Sunday, October 30, 2011

Supersymmetry, Gone with the wind

The Standard Model (SM) of particle physics is one of the greatest human achievements. Yet, we all know that SM is incomplete, as it lacks a proven “mass rising” mechanism for elementary particles and a way of contacting to gravity. Thus, Supersymmetry arose as a theory goes beyond the Standard Model.

Yet, data released from LHC this summer have ruled out some key models of Supersymmetry. Thus, many Supersymmetry theorists were scrambling for finding a Lifeline for Supersymmetry. The recent report (about two weeks ago) from CMS on “Multileptonic SUSY searches, at least three leptons is presented” ( ), which observed a very small excess of the tri-lepton events, was viewed as such a lifeline for Supersymmetry. However, many prominent physicists disagreed.

Peter Woit (a theorist) wrote in his blog,
“You may have seen by now claims from various sources about evidence for SUSY coming from CMS, for instance, Hints of New Physics Crop Up at LHC, A Lifeline for Supersymmetry?, and CMS sees SUSY-like trilepton excesses. This nonsense is all due to …, who for some reason thought it was a good idea to post a blog entry
               “ Something Curious at the Large Hadron Collider”
that starts off:
          “Finally, something at the Large Hadron Collider (LHC) that does not seem to agree that well with the predictions of the equations of the Standard Model of particle physics.”

followed by various caveats, which include the advice:
               “But this is clearly something to watch closely over the coming months.”
As one could easily have predicted, this got picked up by the media and various blogs, mostly dropping the caveats. In a later more detailed posting, Matt carefully three times in italicized red explains that ‘The excess will probably disappear’.”

LuboŇ° Motl wrote in his blog, “Even if this signal grew and became a discovery, it wouldn't prove that R-parity-violating supersymmetric physics is the cause: there could be other explanations as well although theorists would probably believe that the R-parity-violating SUSY would be the most likely explanation.”

Tommaso Dorigo (an experimental particle physicist) wrote, “Since Supersymmetry is not a physics model but an infinite set of physics models, …
And since the SUSY parameter space has over 100 dimensions, it is utterly impossible to compare your data to all of these hypotheses one by one. What ATLAS does -in line with the other experiments- is to select a subset of the theories, which can be specified by the value of much fewer parameters. In the so-called "mSUGRA model", for instance, you need to specify no more than five of them. Further, choose two among the most relevant ones -be it the mass of scalars and fermions at the grand-unification scale- and you can construct a two-dimensional plot, each point of which is a different theory.”

Although many physicists above are not in favor of the interpretation of the above CMS data as a new lifeline for Supersymmetry, science, after all, is not an opinion poll. We should give some concrete reasons for why SUSY is a very bad idea.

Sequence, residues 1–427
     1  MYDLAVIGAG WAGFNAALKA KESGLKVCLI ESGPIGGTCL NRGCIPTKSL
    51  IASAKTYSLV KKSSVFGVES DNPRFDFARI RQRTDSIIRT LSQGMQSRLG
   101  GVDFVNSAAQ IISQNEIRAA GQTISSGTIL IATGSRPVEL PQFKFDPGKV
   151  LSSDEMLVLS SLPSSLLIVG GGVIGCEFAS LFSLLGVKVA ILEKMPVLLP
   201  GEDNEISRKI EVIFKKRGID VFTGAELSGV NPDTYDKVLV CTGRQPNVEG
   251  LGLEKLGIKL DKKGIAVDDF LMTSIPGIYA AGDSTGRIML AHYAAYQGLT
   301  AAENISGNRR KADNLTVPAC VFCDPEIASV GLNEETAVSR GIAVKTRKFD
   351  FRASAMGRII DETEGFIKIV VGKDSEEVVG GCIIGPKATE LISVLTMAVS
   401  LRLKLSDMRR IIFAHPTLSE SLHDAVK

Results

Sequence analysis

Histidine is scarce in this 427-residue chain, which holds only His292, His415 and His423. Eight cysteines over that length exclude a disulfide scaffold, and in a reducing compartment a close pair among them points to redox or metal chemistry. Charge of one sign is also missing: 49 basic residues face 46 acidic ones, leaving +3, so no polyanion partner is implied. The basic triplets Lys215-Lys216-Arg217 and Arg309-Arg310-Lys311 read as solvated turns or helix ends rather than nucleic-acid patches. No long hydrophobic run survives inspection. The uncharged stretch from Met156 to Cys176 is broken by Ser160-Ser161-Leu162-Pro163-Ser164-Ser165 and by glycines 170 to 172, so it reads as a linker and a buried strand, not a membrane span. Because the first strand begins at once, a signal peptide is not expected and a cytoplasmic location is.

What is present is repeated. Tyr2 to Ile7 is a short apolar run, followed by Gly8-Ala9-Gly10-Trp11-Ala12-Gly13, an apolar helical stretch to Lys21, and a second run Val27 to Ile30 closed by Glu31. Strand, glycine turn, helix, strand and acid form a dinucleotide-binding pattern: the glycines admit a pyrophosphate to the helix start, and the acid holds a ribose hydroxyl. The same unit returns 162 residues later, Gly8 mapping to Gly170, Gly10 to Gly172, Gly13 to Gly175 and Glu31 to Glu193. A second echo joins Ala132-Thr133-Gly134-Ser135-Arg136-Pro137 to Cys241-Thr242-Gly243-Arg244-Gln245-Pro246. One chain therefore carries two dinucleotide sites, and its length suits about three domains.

As our Universe is a result of a symmetry breaking, there must be a symmetry before that breaking act. Thus, the yearning for a supersymmetry is correct. But, the point is that what this supersymmetry was. The current Supersymmetry model(s) construct a symmetry by giving all known elementary particles a symmetry partner, and this is a very bad idea as it creates a too cumbersome universe. Let me explain this with one analogy.

For a circle (a disk), it is a good symmetry.  This disk symmetry is broken if a chunk of disk’s edge is broken off. And, this broken chunk is the symmetry partner of this broken disk. From this simple symmetry breaking process, two issues arise.

One, can we find the broken chunk by searching the broken disk? Everyone knows the answer. Of course, we cannot. Then, how can we find the symmetry partner of this Universe in this Universe? Can the dance of LHC go out of this Universe to find its symmetry partner? Of course, it cannot. Thus, even if those Supersymmetry models were not wrong, there is no chance to find the symmetry partner of this Universe in this Universe.

Two, if the only way for our Universe came into being is by a symmetry breaking, it should choose the easiest way to do it. Instead of breaking out a big chunk, it is enough for just breaking a “point”. When a “point” was broken off from the circumference of the above disk, that symmetry was broken. There is no symmetry breaking process which can be easier and more economical than this one. If our Universe could come into being with this “one point” symmetry breaking process, why should it bother with all those s-particles?

In fact, this “one-point” symmetry breaking process is the foundation for “Super Unified Theory”. The detail of this “one-point” symmetry breaking process was described in the article “The Rise of Gravity and Electric Charge” ( ).

With the reasons above, I will predict that all Supersymmetry models will be ruled out eventually, sooner or later.

Tienzen (Jeh-Tween) Gong
The book “Super Unified Theory” (ISBN 0-916713-02-4, Copyright # TX 1-323-231, Library of Congress Catalog Card Number 84-90325)

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